Flying and crawling insects can pose a serious problem for the homeowner. Some destroy building materials and others carry disease and  contaminate food sources.

Recognizing the insect and being aware of the damage they can do, and knowing what extermination methods are most effective, can reduce the risk of infestation.

Carpenter Ants:  In natural surroundings, carpenter ants are beneficial insects since they accelerate the decomposition process of dead trees and also feed on other insects. They are the largest of the domestic common ant, measuring from 6-13mm in length for  the brown or black workers, and more than 25mm for the queen. In late spring and early summer, mature colonies have wings and swarm in mating flights of ten, making a nuisance of themselves in and around homes. Unlike termites, they do not eat wood as a food source.

Location: Carpenter ants are especially common in the Northeast, including Ontario, and the Pacific northwest. Carpenter ants excavate damp wood to create a nest site. They also nest in untreated insulation materials. Carpenter ants will rarely do extensive damage to wood. The worker ants forage several hundred meters for food sources. Carpenter ants usually locate their nests in moist wood near a water source, such as a leaky roof, leaking or sweating pipes or behind or under a dishwasher.

Control : By locating the nest and using an insecticide, they can be eliminated. If the nest is not visible, sugar, honey or jam can be placed where the ants have been seen.They will gorge themselves and then return to the nest.(feeding occurs mostly in the evening, so a red or yellow filtered flash light works best for observation, as they do not disturb the ants). Another tell tale sign is the  sawdust-like grass that they eject from  the nest. They also make an audible sound while  excavating  that  can  be  heard  by humans. By spraying an insecticide directly into the nest or in a crevice close to the location, most colonies can be eliminated. When the nest cannot be located, the entire building is usually treated with insecticide.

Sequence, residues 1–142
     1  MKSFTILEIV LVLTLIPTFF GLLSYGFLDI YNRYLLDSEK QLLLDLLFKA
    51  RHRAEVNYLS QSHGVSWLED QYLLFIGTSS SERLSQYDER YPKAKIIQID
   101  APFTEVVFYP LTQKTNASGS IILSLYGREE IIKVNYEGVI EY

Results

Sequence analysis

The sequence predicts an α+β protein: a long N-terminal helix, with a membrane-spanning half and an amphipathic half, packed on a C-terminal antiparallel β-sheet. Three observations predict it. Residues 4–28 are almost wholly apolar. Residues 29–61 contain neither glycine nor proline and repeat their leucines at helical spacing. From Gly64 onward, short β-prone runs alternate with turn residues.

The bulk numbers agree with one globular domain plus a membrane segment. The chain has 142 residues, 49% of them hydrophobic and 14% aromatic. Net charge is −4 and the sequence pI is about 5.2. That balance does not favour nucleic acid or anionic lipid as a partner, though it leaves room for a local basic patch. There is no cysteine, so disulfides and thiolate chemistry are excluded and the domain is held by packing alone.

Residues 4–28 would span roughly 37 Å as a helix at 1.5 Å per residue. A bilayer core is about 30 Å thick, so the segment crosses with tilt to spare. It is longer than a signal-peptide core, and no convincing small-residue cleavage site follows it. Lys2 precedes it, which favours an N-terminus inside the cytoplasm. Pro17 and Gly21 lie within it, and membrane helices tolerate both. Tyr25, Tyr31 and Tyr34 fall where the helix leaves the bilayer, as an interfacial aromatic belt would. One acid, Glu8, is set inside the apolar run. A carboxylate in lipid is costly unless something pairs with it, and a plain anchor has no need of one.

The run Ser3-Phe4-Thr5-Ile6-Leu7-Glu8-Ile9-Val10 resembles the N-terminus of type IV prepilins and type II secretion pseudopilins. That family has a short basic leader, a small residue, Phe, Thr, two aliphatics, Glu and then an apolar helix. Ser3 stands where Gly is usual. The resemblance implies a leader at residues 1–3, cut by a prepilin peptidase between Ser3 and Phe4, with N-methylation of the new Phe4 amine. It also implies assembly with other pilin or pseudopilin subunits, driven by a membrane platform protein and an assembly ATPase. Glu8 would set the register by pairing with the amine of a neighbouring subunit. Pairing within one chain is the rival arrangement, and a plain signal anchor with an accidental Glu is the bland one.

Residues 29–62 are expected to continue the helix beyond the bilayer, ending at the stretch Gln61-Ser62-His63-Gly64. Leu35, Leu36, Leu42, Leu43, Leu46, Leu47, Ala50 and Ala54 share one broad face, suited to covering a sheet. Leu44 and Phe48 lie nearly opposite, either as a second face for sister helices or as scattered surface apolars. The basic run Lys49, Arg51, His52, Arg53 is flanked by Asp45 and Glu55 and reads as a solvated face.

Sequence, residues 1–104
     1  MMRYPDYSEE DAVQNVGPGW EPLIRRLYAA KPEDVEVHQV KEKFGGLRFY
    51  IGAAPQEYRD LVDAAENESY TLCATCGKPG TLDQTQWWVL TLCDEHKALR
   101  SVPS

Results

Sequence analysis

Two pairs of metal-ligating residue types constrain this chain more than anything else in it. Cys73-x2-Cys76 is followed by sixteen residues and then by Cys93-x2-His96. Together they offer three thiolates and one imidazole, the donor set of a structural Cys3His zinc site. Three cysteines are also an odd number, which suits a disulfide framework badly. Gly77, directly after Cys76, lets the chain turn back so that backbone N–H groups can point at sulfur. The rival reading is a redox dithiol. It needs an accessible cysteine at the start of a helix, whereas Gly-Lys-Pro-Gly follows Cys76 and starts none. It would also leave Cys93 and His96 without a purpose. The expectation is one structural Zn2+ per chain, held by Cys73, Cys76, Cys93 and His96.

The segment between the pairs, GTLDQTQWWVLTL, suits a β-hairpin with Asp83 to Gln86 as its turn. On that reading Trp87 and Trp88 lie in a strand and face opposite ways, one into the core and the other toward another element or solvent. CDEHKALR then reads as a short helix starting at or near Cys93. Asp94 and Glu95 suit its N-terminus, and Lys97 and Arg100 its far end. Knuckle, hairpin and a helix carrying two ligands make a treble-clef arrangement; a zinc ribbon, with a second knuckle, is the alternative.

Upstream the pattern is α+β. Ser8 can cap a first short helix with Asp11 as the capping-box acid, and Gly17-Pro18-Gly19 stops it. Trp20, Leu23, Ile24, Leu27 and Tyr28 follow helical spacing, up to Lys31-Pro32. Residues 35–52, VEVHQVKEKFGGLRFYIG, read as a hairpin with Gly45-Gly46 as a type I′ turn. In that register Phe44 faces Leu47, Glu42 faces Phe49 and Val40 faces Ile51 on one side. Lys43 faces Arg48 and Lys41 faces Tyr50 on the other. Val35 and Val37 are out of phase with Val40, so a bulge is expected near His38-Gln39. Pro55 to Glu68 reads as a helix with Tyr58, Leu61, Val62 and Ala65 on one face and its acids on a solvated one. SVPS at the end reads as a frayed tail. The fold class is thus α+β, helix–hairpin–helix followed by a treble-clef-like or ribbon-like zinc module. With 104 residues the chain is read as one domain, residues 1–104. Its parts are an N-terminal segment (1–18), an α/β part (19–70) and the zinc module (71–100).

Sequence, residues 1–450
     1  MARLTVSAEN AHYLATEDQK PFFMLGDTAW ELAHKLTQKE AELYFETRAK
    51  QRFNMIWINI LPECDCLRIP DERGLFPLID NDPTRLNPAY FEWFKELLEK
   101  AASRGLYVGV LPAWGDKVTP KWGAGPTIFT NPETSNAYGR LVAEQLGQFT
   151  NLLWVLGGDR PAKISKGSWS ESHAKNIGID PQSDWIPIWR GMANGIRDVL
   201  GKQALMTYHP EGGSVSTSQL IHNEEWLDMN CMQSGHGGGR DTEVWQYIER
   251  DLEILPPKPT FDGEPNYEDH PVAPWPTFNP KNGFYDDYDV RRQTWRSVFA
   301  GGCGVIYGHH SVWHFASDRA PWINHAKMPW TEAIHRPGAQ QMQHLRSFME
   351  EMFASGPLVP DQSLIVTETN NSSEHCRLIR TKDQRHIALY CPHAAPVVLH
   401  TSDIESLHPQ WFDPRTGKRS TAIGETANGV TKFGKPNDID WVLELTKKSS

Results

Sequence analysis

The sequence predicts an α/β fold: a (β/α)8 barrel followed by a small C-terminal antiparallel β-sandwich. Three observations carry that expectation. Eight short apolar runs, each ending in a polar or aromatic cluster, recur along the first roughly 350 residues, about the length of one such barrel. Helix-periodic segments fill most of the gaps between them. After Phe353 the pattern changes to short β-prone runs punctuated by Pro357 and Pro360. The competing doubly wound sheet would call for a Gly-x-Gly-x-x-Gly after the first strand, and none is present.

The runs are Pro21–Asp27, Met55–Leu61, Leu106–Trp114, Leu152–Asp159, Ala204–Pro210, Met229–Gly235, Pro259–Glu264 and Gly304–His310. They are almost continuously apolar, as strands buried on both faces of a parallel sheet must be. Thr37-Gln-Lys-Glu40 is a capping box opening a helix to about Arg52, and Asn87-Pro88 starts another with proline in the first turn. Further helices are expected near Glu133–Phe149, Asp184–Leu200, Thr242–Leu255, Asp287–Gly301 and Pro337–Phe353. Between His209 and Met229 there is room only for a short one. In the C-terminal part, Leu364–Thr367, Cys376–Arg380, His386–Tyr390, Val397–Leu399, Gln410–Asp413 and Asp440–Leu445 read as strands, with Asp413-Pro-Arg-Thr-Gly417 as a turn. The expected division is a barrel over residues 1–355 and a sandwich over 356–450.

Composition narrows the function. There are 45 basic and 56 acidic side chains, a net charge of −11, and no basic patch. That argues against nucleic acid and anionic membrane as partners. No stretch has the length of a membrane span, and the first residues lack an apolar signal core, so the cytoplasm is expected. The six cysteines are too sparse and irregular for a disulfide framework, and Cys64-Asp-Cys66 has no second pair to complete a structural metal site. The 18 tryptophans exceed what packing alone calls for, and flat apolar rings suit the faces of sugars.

Prevention:  Remove decaying wood from around buildings and store fire wood outdoors away from direct soil contact in well ventilated conditions. Ensure good drainage around the building so that wooden parts stay dry. Repair or replace leaky water and drainage pipes. Store food in closed containers and keep kitchen counters  and shelves clean of sugars and syrups.

Termites: Though there are several types of termites in North America, the most common in Ontario is the subterranean termite.

Termites, unlike Carpenter ants, actually feed on the wood itself. Workers can be recognized by their creamy white colour and are less than 10mm long. Swarmers have wings and are dark brown to black in colour and can be as long as 10mm. The soldiers  have neither eyes nor wings, are similar to the workers, are creamy white in colour and have enlarged heads and are sometimes brown in color.